Cummings Issues Statement on Issa Demand For Testimony From Senior White House Advisor
Washington, DC —Today, Rep. Elijah E. Cummings, Ranking Member of the House Committee on Oversight and Government Reform, issued a statement in response to a letter from Chairman Issa insisting that his unilateral subpoena remains in effect for testimony tomorrow from David Simas, an Assistant to the President and the Director of the Office of Political Strategy and Outreach. Issa’s letter identifies no evidence of inappropriate activity by Simas or the office he directs, and it disregards a detailed briefing provided to Committee staff by the White House Counsel’s office earlier today.
“It’s bad enough that Chairman Issa issued a unilateral subpoena to a senior advisor to the President with absolutely no debate or vote by the Committee, but in this case, there is no evidence whatsoever to suggest that Mr. Simas or anyone on his staff did anything wrong. Today’s briefing from the White House was detailed and thorough, and Committee staff were able to ask all the questions they had. There seems to be no reason to continue this ridiculous confrontation other than to manufacture false controversy as Chairman Issa’s tenure comes to an end.”
Today, attorneys from the White House Counsel’s Office provided a detailed briefing for staff of the House Committee on Oversight and Government Reform on the newly-established OSPO and its compliance with the federal Hatch Act.
The briefing was attended by nine Republican staff working for Chairman Darrell Issa, who issued a unilateral subpoena last Friday to compel testimony at tomorrow’s hearing from David Simas, a senior advisor to the President and director of this new Office, despite the absence of any evidence of inappropriate activity by Simas or this Office.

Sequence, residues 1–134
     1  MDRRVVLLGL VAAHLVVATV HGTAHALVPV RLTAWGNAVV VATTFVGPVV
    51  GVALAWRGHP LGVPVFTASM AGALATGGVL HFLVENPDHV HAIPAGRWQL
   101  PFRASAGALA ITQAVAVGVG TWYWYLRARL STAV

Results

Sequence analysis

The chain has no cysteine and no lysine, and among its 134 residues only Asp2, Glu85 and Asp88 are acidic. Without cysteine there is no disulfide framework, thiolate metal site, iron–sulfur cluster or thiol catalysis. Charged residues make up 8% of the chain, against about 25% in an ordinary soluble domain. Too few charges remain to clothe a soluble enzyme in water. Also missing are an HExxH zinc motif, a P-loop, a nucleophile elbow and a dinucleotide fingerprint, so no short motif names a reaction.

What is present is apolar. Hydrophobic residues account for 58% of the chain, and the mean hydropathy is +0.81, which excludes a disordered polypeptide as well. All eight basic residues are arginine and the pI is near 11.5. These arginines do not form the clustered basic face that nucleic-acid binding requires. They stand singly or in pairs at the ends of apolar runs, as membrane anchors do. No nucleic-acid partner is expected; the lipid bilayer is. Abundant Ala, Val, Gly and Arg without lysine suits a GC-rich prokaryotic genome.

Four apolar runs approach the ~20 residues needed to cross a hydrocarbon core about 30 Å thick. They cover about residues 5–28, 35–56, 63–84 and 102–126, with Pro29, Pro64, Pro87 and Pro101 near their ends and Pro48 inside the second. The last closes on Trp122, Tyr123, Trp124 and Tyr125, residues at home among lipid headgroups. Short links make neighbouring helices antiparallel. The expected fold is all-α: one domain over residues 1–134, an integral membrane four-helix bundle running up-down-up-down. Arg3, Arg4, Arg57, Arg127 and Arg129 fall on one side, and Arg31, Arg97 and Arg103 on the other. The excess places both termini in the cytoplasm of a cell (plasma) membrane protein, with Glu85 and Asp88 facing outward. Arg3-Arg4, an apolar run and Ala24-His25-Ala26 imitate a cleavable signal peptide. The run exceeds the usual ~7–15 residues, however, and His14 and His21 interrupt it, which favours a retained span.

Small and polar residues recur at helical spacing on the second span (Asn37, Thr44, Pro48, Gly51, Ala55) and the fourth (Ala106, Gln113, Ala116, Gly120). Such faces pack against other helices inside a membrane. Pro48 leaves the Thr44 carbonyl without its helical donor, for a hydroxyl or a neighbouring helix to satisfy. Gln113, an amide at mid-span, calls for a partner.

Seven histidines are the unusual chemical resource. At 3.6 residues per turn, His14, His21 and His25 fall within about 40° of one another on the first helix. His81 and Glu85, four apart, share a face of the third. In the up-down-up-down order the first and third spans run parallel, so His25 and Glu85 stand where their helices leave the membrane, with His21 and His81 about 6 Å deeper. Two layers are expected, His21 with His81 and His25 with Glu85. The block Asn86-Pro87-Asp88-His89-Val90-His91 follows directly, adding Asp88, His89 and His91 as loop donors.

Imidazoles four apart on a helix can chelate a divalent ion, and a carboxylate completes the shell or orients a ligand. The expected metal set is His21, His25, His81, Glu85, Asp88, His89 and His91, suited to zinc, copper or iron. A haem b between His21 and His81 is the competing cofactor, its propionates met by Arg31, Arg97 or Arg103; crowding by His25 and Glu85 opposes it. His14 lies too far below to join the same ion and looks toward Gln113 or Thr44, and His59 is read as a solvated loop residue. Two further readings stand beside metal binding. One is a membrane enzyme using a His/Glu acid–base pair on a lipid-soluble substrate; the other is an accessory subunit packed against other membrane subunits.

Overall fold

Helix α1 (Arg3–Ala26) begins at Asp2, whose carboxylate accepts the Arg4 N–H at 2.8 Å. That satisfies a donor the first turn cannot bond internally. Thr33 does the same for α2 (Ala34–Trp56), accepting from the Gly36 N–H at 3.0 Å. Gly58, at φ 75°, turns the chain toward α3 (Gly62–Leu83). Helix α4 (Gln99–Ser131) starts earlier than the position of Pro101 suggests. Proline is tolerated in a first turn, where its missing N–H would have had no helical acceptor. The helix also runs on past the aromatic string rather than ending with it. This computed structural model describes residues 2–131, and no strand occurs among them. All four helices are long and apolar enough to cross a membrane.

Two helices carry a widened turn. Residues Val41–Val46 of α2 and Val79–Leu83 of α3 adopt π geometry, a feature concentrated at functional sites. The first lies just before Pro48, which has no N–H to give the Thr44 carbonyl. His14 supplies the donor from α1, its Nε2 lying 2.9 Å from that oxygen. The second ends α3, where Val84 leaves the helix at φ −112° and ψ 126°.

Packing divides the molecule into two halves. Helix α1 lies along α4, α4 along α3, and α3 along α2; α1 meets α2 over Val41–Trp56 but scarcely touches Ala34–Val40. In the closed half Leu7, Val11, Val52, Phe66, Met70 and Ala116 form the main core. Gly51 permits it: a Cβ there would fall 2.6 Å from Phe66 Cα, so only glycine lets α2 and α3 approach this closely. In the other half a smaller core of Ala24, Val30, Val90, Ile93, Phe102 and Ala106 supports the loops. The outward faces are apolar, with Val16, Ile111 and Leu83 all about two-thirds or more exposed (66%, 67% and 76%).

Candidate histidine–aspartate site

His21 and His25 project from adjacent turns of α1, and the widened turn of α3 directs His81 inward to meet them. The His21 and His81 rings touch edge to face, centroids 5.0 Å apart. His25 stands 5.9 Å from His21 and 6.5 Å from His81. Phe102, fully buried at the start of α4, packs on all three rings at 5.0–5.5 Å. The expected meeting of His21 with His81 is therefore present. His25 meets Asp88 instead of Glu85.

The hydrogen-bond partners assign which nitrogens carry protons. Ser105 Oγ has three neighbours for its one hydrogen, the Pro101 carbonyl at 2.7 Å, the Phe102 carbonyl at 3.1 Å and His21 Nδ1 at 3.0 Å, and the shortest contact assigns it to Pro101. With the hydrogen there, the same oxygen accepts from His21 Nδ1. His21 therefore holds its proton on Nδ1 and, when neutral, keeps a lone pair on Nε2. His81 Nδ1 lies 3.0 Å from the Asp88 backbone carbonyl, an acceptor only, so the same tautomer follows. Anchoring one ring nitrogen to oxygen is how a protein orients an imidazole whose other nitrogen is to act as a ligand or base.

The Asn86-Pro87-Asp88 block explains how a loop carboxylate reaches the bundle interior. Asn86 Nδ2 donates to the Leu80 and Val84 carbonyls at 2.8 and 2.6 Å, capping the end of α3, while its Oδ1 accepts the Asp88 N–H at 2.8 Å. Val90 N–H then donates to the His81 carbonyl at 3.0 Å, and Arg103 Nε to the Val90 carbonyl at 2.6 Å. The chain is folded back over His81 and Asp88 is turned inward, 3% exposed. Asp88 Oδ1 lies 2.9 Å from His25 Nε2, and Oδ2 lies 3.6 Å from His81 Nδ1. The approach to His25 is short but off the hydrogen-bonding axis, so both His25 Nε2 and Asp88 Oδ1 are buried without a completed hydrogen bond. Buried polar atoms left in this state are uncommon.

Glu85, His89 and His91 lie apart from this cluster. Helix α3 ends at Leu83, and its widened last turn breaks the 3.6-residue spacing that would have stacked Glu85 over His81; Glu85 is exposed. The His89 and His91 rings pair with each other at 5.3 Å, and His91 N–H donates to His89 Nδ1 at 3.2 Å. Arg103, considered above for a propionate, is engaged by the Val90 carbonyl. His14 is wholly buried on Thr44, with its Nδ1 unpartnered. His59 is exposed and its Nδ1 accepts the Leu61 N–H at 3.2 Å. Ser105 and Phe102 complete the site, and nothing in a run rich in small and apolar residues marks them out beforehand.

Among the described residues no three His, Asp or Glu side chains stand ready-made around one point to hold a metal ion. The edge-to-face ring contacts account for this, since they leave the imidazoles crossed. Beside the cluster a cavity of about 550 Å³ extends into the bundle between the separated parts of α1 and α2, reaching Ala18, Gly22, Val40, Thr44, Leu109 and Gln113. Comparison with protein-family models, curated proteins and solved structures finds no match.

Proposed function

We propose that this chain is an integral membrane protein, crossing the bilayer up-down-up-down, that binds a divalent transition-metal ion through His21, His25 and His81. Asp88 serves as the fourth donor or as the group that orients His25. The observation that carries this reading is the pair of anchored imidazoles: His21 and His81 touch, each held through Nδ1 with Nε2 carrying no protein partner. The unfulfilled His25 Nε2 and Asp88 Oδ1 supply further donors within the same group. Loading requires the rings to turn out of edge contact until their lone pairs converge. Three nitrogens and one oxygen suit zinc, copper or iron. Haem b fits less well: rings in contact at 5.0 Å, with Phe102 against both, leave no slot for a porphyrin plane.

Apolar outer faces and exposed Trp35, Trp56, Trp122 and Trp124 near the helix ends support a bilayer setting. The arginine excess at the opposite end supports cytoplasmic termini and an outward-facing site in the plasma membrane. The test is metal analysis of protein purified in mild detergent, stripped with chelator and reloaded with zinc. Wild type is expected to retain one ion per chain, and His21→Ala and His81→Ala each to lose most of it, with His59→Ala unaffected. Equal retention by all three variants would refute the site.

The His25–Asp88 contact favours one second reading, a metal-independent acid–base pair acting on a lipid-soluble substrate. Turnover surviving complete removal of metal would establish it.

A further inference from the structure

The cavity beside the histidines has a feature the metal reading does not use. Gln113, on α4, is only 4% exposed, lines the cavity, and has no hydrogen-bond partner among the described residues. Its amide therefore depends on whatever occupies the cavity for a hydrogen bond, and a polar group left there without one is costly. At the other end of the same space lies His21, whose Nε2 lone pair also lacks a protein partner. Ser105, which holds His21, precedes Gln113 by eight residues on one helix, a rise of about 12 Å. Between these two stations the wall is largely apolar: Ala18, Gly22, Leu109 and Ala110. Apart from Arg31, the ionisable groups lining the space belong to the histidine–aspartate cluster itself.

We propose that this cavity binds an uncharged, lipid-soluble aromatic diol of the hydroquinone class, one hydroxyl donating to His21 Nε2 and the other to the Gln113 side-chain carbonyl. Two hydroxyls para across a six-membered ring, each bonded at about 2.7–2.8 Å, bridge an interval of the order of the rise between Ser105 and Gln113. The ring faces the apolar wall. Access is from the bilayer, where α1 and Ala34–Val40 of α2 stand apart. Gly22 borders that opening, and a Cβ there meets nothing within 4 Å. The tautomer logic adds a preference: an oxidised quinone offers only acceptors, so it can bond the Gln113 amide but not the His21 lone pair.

The briefing included a detailed description of the history of the Office, the requirements of the Hatch Act, and the vigorous efforts undertaken by the White House to ensure that this Office is not only complying with the Hatch Act, but going above and beyond its requirements to prevent the types of improper activities identified under the Bush Administration by this Committee and the Office of Special Counsel (OSC).
No Evidence White House Doing Anything Inappropriate
Today’s White House briefing confirmed that there is still absolutely no credible evidence that Simas or anyone on his staff engaged in any activity that is inappropriate or violates the Hatch Act in the six months since this new Office was first established in January 2014:
- The White House explained that the new Office has two primary functions:
(1) to serve as the single point of contact to receive invitations to the President and the First Lady to participate in political events or send political communications on behalf of candidates and political parties, to determine whether these invitations should be accepted, and if so, to handle the significant logistics for such events; and
(2) to obtain information from political candidates and groups to help inform the President’s policy agenda, and to communicate to these individuals and entities to ensure the President’s policy agenda is being portrayed accurately and effectively.
- The White House explained that these activities are all permitted under the Hatch Act, and they help streamline the previous process in which invitations may have been sent to various offices within the White House.